From the CAM/ Report
About 20 million Americans suffer from clinical depression. Low levels of serotonin, a neurotransmitter, are thought to contribute to depression. Depression is also associated with diseases like diabetes, heart disease, chronic pain, hormonal imbalance, hypoglycemia, stress, impaired thyroid function, environmental toxins, and unhealthy lifestyles.
There are eight criteria for depression according to the DSM. Five of them, if they persist for two weeks or longer, strongly suggest that the person is depressed.
CAM treatment options
There are a range of CAM options that complement counseling. For depression associated with a nutritional imbalance, a multivitamin supplement may help treat symptoms. Some patients, especially those taking oral contraceptives, are deficient in folic acid and vitamin B12, which work together. Omega 3 fatty acids are also deficient in some patients suffering from depression. Potential deficiencies should be evaluated by a doctor.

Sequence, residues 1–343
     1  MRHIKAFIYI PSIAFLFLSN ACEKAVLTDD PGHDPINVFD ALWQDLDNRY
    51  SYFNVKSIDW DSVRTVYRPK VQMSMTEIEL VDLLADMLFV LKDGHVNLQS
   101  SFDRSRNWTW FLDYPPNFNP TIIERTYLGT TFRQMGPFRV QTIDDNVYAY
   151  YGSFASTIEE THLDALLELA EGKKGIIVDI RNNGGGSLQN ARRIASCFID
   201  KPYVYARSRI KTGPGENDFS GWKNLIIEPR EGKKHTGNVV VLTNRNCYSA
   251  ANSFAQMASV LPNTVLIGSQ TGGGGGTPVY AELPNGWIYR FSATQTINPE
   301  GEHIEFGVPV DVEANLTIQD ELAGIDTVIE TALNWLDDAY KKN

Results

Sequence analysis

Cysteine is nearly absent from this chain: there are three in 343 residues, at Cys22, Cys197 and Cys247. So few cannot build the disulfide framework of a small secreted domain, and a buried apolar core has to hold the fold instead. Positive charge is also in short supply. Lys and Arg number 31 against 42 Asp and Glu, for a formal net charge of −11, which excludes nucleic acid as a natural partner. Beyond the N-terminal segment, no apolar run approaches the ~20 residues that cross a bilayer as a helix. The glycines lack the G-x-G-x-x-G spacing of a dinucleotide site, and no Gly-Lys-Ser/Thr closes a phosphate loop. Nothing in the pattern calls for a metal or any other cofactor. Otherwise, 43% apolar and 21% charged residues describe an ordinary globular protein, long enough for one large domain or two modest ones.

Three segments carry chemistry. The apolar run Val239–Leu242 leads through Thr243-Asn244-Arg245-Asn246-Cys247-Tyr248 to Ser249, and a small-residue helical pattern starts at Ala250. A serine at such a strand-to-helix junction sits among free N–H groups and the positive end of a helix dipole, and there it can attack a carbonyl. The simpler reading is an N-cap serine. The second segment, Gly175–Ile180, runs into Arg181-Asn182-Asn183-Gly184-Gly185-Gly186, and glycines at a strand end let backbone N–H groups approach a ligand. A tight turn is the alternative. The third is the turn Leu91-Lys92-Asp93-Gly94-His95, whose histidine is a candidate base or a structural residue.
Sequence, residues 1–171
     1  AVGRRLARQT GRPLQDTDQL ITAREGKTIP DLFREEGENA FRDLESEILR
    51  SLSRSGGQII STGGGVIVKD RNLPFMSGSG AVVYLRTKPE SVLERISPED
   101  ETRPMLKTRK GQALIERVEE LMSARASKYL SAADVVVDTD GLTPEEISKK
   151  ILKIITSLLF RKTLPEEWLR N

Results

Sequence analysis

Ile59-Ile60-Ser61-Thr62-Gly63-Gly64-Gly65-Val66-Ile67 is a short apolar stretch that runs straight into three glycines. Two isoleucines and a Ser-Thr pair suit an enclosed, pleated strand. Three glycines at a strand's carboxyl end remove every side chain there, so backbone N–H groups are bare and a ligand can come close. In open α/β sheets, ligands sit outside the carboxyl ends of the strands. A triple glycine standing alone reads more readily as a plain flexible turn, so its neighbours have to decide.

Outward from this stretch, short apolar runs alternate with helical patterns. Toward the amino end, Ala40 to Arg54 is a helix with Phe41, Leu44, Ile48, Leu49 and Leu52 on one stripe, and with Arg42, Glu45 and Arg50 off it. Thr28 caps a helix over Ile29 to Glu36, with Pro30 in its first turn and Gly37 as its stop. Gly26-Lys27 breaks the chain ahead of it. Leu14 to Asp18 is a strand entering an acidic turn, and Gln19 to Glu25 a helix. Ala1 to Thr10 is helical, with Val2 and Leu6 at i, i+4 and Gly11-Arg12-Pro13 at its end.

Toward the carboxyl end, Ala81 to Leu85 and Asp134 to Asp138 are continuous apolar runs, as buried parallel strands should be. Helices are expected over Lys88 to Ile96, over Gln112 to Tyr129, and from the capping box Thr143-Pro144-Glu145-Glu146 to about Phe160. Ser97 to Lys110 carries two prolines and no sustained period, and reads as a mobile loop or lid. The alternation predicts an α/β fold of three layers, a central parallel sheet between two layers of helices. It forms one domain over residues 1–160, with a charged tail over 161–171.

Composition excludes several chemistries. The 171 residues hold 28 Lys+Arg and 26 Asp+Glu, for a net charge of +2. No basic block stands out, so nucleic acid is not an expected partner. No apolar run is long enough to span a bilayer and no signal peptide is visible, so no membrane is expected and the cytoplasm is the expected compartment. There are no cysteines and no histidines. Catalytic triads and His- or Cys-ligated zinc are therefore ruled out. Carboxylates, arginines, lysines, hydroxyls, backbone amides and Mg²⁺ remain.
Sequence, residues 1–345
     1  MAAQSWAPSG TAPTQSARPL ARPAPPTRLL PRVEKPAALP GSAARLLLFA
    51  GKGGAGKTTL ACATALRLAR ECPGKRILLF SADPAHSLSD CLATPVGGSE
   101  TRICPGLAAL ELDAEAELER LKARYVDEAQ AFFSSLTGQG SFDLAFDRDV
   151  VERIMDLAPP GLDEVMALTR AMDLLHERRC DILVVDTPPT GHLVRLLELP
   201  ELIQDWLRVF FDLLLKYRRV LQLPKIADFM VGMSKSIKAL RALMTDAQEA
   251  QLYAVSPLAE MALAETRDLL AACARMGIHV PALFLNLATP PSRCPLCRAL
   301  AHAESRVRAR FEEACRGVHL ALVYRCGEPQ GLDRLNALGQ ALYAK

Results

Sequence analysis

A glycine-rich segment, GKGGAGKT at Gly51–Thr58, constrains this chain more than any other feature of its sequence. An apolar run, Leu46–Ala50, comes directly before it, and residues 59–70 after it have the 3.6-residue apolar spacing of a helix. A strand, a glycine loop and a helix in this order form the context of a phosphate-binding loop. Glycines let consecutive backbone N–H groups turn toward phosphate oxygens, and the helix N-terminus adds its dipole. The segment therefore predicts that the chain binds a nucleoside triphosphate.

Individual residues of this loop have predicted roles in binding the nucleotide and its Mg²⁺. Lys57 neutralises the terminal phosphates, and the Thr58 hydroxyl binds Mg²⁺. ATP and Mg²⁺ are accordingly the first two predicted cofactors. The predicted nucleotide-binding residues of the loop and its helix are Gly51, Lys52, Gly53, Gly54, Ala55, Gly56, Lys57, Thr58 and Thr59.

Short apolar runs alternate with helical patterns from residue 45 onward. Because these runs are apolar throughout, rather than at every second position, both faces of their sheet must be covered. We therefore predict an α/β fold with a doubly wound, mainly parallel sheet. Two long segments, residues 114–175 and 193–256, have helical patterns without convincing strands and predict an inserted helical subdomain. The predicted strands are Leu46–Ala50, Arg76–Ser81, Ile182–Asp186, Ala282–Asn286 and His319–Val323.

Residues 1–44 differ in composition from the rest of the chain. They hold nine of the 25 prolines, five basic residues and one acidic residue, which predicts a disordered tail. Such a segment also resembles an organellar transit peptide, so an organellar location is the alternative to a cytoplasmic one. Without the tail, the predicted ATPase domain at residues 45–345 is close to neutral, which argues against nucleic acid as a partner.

Depressed patients may have low levels of tryptophan, which delivers serotonin to the brain. In some studies, 5-HTP has been shown to be as effective in treating depression as selective serotonin reuptake inhibitors like fluoxetine (Prozac).
St. John’s Wort has been studied extensively and is helpful. Caution, St. John’s wort does increase the risk of bleeding and should be monitored. Also, patients must be sure to tell their healthcare provider that they are taking the herbal remedy. Kava, a member of the pepper family, seems to work best with depression and anxiety. The risk of liver toxicity from kava is controversial, and should be considered before starting treatment.
The bottom line?
Though it may not be easy, depression can be managed. Complementary treatments, when properly administered and combined with counseling may help many patients. Moreover, for patients without insurance or those unwilling to take prescription antidepressants, they may be effective and less expensive.
Emily Matthews is applying to masters degree programs across the US, and loves to read about new research into healthcare, gender issues, and literature. She lives and writes for mastersdegree.net in Seattle, Washington.